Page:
Ensuring a More Equitable Transportation Electrification Transition | SEPA Skip to content

Ensuring a More Equitable Transportation Electrification Transition

New SEPA research empowers decisionmakers to be more intentional about including equity in their work

WASHINGTON, D.C. — Without intentionality, historically disadvantaged communities will remain left behind in the transition to transportation electrification. A new toolkit from the Smart Electric Power Alliance (SEPA) equips utilities and regulators with the necessary tools to benchmark how their activities may create inequities, synthesizes industry best practices, and presents guidance for using them across a broad spectrum of program types. Key learnings from this project highlight that utility equity TE efforts require support from the top and dedication across the entire utility; and building trust in the community – through community partnerships, direct community engagement, and early program emphasis – is paramount to success.

“The first step to addressing and overcoming inequity is to benchmark where we are today and measure the improvements we make along the way,” said Garrett Fitzgerald, senior director, electrification at SEPA. “This benchmarking toolkit offers a good starting point for utilities and regulators to intentionally address and integrate equity into transportation electrification programs.

Produced in collaboration with the Electric Power Research Institute (EPRI), the project leverages the perspectives and best practices of utilities and community-based organizations (CBO) to create an equitable transition. Utilities conveyed an overwhelming desire to develop more equitable TE programs that benefit all customer segments. CBOs undoubtedly are more actively involved in decision-making processes today and their recommendations are beginning to carry significant weight.

“SEPA developed this toolkit to support and strengthen efforts to ensure equity as we progress transportation electrification nationwide, ensuring no customer or community gets left behind in the clean energy transition,” said Sheri Givens, SEPA president and CEO. “I am incredibly proud of the year-long effort that the SEPA and EPRI team engaged on with over 150 community members across 10 states, along with the staff of eight utilities, to ascertain best practices and guidance to ensure accessibility and affordability going forward. That said, we recognize much work remains. SEPA will continue to lead by example by incorporating equity into our projects and building trust within our members’ communities.”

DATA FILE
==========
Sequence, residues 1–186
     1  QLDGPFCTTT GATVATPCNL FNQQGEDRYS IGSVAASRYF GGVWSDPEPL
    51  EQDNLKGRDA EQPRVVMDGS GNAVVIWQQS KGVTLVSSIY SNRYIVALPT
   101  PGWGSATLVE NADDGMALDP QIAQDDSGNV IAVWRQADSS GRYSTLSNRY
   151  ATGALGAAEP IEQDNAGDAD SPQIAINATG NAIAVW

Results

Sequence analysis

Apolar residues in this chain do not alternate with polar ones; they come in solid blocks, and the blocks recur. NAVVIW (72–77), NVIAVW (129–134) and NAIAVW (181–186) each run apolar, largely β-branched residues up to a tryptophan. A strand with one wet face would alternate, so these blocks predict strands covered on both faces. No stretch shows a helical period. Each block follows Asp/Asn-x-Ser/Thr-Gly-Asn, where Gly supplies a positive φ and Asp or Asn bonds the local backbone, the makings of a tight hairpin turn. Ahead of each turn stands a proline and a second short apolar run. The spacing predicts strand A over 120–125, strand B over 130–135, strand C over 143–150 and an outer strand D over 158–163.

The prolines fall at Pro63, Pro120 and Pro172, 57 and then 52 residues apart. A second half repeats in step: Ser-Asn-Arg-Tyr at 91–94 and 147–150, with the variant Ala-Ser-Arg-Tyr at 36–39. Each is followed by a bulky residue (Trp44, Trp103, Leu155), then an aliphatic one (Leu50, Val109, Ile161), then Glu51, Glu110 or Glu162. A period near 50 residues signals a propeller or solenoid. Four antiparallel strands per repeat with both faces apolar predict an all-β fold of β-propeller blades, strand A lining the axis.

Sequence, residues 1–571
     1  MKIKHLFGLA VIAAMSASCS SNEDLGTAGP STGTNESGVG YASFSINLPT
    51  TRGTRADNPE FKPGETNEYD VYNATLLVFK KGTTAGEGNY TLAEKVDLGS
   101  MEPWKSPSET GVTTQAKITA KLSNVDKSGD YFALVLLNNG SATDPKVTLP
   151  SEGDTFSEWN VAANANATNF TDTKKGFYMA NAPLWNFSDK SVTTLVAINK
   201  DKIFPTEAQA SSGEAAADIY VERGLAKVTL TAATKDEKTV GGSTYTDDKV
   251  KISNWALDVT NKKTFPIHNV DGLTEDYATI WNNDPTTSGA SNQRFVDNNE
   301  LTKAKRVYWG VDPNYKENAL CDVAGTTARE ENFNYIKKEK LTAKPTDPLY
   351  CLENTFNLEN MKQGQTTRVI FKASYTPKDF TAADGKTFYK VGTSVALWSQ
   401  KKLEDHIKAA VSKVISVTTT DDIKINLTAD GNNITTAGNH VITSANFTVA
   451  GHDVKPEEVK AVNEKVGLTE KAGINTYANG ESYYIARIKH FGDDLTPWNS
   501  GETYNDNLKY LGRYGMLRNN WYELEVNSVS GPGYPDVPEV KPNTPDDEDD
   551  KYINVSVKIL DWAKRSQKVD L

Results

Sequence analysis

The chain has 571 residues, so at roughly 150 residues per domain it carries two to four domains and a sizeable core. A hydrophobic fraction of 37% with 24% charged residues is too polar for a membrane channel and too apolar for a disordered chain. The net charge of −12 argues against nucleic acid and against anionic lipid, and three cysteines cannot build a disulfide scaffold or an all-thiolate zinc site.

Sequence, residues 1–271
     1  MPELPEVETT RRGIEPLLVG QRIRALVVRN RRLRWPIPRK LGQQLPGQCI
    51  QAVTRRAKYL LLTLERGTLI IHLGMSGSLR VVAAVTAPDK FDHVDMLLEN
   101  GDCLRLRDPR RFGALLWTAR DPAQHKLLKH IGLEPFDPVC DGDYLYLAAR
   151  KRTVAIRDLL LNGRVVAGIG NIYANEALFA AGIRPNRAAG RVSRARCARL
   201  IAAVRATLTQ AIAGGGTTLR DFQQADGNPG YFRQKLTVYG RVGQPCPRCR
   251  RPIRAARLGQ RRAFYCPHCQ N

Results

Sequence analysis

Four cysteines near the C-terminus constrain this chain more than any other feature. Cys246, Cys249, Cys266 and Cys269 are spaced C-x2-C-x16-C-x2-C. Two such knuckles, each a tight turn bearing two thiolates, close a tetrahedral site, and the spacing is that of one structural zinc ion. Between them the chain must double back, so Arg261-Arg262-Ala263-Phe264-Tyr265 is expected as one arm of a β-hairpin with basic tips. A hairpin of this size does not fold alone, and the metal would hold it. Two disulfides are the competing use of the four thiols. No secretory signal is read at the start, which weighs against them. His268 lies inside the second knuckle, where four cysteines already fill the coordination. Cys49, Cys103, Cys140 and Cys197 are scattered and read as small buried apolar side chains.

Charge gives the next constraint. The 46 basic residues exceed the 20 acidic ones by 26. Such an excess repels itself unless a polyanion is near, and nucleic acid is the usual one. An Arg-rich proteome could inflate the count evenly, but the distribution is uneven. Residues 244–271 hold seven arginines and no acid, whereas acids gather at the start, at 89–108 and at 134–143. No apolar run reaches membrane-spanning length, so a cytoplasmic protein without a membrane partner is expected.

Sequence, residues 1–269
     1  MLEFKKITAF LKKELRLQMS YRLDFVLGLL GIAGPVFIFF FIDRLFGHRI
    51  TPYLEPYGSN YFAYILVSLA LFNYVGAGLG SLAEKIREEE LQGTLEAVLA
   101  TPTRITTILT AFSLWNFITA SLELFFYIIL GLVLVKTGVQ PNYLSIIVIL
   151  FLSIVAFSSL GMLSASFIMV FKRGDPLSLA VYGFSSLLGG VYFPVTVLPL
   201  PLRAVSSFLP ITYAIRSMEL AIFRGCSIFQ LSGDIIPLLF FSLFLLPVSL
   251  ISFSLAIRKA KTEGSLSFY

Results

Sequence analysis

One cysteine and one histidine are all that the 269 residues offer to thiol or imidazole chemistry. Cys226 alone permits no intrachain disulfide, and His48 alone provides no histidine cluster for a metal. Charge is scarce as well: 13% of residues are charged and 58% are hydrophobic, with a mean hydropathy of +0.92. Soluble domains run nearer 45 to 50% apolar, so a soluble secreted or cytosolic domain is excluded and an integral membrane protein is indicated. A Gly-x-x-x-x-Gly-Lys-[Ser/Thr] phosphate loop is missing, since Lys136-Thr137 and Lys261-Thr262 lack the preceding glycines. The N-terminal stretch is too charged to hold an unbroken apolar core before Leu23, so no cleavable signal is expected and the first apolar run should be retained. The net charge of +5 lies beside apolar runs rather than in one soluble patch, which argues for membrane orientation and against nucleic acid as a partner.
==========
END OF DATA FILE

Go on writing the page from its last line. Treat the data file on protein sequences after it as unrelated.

Utilities must actively engage with their communities, meet their customers where they are with their education and outreach programs, and remove barriers to participation. Developing partnerships with community organizations, leveraging existing community events, understanding the real needs of the locality and providing programs that solve specific problems are a start.

Based on these findings, the project’s toolkit starts with providing common language to define equity, community, and the role of the utility, recognizing the utility cannot be solely responsible for achieving equity as that work will be shared with government, private, and non-utility actors. From common language emerges the metrics utilities can use to set goals designed to accomplish specific equity objectives, allowing stakeholders to track real-world impacts.

The project, Benchmarking Equitable Transportation Electrification: Program Design and Benchmarking Toolkit includes an insight brief on the importance of equity, a set of 16 modules covering a broad range of TE programs, and a comprehensive report on benchmarking TE equity. Each TE program module includes an overview of the TE program, potential contributions to inequities and approaches to addressing inequities, benchmarking metrics most relevant to that TE program, stakeholder roles, and examples of equitable TE program best practices.


Media Contact